Prince Charles will lay a wreath at the Cenotaph on the Queen’s behalf, as in previous years.
Buckingham Palace had confirmed on Thursday that the 95-year-old monarch was well enough to attend the ceremony to commemorate those who have died in conflicts.
Queen Elizabeth’s decision to pull out of the Remembrance Day Sunday service after spraining her back is unrelated to her doctor’s recent advice to rest, according to a royal source.
The timing is unfortunate and nobody regrets the Queen’s absence today more deeply than the monarch herself, the royal source told CNN.
The Queen is deeply disappointed to miss the engagement which she considers one of the most significant engagements of the year, and hopes to continue as planned with her schedule of light official duties next week, the royal source adds.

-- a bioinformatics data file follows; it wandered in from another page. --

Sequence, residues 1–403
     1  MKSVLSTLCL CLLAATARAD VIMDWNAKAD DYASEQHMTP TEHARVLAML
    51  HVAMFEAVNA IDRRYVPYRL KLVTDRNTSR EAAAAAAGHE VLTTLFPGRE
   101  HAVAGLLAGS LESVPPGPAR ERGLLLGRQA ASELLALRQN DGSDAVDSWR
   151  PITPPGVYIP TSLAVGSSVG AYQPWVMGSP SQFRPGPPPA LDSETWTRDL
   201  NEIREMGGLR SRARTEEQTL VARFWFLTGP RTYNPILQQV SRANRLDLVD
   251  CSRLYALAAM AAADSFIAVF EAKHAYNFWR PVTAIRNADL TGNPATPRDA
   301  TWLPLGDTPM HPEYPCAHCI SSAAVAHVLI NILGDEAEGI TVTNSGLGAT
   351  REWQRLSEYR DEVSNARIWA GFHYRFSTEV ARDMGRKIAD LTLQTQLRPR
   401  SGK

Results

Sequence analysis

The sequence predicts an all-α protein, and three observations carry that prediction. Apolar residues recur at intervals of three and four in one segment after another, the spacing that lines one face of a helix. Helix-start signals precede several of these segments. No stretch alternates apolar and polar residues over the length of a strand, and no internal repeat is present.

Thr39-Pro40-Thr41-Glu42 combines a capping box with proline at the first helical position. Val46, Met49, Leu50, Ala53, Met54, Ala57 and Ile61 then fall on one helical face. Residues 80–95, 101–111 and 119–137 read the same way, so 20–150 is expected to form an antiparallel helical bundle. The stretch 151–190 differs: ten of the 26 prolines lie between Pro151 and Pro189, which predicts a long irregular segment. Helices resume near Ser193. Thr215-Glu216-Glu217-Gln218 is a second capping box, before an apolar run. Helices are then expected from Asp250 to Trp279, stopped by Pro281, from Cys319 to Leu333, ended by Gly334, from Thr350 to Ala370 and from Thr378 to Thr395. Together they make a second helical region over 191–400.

Other members of the royal family, including Camilla, the Duchess of Cornwall, and William and Catherine, the Duke and Duchess of Cambridge, are set to attend the Remembrance Sunday service as planned, the statement from Buckingham Palace said.
Large crowds are expected to gather around the Cenotaph this Sunday after the annual service was largely curtailed by Covid-19 restrictions last year.
It has been more than three weeks since the Queen attended a public event — when she hosted a reception for business leaders at Buckingham Palace ahead of the COP26 climate conference in Glasgow. The day after, the sovereign abruptly canceled an imminent trip to Northern Ireland and spent a night in hospital for what a spokesman described at the time as “preliminary investigations.”
Since then and following her doctor’s orders, the royal household has scaled back her diary significantly. She has been mostly resting at Windsor, undertaking a few light duties by video link and phone.
CNN’s Lauren Said-Moorhouse, Niamh Kennedy and David Wilkinson contributed to this report.